Return to Ban Pa Le

The third day we arrived at Ban Pale. The headman, Mr. Bun Ma, greeted me as though I were a long-lost friend returning from the edge of the world. And indeed, given the isolation of the village, our travels to the Vietnamese border and back might have been just that. We settled into the headman’s hut, sprawled out on the wooden floor, and fell asleep. We were exhausted from hiking for two days through the mountains. For me it was a deep and dreamless sleep. I awoke at dinnertime. A Lao music video was playing on an antiquated television set, the music, full of twangs from an instrument that I had never heard before, striking me as both foreign-sounding and familiar at the same time: it was a comforting sound, and listening to it I felt at home. A group of villagers was sitting in a circle, chatting, laughing, eating, passing around a bowl of homemade rice wine. They made room for me in the circle and I joined them. I felt at that moment more light-hearted than I had in a long time. For dinner we ate rice, vegetable shoots, and crickets: never have I had a more welcome meal. After two hours of drinking and eating one of the men invited me outside to smoke the long traditional Katu pipe. He must have remembered my fondness for Katu tobacco from my previous visit. Indeed, I have come to believe that authentic Katu tobacco is one of the greatest of life’s small pleasures: it is something I savor every time I have the opportunity to visit these mountain people. We sat in the dark passing the pipe, watching the smoke rise blue against the black of the night, not speaking, occasionally laughing for no reason, listening to the sounds of voices and music mixing with the plaintive calling of frogs from the jungle beyond. And I thought again how much I would miss this place, these people, and what an indelible mark they had made upon me.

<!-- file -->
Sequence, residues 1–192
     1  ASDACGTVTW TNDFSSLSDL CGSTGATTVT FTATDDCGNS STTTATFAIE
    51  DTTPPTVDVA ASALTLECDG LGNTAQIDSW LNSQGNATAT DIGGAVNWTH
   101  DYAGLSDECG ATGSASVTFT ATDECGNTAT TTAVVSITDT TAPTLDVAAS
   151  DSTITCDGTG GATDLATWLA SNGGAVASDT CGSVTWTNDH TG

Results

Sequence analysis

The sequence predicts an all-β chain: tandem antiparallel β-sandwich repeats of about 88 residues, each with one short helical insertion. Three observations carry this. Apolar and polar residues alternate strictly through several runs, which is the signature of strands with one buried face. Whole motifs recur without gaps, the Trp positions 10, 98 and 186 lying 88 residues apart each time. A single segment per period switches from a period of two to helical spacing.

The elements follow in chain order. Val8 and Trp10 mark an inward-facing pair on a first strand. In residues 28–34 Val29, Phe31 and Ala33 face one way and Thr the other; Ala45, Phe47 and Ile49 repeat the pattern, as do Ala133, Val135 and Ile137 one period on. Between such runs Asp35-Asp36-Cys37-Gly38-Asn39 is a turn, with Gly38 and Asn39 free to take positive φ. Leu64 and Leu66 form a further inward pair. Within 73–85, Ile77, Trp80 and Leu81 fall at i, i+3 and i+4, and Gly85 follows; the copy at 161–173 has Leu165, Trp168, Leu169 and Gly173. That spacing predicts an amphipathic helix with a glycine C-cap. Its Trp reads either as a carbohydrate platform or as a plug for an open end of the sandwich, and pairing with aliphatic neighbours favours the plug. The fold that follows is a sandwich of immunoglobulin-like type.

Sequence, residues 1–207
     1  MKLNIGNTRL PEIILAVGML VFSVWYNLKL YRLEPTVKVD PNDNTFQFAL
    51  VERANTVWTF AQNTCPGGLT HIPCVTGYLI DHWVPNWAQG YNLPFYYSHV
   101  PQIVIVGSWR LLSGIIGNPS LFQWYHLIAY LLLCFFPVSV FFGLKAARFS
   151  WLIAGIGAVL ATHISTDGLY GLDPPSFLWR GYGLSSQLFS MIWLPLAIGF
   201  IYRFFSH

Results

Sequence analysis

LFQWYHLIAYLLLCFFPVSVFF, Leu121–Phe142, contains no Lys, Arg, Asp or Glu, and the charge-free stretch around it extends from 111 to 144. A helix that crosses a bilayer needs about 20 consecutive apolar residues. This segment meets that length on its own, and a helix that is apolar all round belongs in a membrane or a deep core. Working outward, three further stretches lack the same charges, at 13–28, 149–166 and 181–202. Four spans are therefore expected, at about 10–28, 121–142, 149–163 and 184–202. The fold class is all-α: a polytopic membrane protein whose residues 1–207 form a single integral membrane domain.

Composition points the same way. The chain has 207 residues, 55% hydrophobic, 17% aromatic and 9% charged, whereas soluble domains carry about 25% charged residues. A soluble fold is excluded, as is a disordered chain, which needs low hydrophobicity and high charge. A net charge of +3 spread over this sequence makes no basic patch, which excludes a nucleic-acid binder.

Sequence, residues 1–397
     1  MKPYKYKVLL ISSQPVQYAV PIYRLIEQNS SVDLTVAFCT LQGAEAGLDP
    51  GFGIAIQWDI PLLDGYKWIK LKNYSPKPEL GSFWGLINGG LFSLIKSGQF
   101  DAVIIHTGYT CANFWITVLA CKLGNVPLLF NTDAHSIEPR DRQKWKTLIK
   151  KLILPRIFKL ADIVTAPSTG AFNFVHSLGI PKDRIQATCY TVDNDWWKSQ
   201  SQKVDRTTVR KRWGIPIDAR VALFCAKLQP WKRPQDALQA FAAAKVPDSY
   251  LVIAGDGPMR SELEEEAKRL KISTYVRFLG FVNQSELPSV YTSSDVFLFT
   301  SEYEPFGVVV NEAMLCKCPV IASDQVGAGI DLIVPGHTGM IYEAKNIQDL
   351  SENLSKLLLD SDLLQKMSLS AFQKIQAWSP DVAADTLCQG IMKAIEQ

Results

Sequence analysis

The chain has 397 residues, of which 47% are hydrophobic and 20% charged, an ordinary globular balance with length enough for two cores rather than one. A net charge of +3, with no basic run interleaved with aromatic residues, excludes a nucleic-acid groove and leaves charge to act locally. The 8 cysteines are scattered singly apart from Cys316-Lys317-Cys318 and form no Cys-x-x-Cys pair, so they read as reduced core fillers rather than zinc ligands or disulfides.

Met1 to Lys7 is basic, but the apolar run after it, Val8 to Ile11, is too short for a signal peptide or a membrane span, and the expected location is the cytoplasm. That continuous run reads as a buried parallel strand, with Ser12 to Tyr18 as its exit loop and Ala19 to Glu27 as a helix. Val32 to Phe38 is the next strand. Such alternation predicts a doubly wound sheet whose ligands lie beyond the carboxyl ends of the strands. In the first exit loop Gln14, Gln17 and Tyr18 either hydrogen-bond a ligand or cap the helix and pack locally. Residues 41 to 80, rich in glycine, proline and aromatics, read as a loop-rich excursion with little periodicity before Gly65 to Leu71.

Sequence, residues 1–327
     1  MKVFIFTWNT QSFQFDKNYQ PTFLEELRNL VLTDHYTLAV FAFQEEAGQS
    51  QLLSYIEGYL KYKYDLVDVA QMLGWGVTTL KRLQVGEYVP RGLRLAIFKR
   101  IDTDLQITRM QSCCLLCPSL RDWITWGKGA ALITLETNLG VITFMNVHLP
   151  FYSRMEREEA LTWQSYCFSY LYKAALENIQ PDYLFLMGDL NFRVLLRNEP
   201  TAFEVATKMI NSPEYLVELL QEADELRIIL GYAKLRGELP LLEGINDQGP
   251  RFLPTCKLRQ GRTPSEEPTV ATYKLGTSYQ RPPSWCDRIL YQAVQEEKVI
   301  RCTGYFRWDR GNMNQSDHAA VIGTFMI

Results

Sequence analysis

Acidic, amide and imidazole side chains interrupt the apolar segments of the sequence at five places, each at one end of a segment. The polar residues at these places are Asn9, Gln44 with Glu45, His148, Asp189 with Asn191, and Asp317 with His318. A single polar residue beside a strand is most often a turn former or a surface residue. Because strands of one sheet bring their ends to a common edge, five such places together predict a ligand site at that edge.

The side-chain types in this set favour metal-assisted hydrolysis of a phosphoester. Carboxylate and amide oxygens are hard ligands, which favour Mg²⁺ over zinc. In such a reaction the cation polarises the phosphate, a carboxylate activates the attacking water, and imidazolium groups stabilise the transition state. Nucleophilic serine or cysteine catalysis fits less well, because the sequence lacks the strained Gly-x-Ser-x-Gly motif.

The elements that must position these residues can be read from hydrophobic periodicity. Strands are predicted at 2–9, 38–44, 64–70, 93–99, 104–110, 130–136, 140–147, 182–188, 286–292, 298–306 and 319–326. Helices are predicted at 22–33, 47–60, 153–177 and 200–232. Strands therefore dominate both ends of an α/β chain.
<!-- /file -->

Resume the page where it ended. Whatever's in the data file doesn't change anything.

I thought all this and more as I sat in the dark with the pipe and the man who seemed almost like family but whose name I didn’t know. Just then one of the young Katu girls came out of the hut and skipped down the stairs. She was singing softly to herself and when she saw us she stopped and laughed. One side of her face was lit by the orange light spilling from the doorway: her brown skin glowed fiery bronze and her teeth shone moon-white. She froze, still laughing her simple laugh, and then was gone, disappearing into the hot-humid night. I sat smoking for a long time, replaying the scene over and over in my mind. Why was it so beautiful?

Ban Pa Le
Ban Pa Le
Hills over Ban Pa Le
The hills over Ban Pa Le
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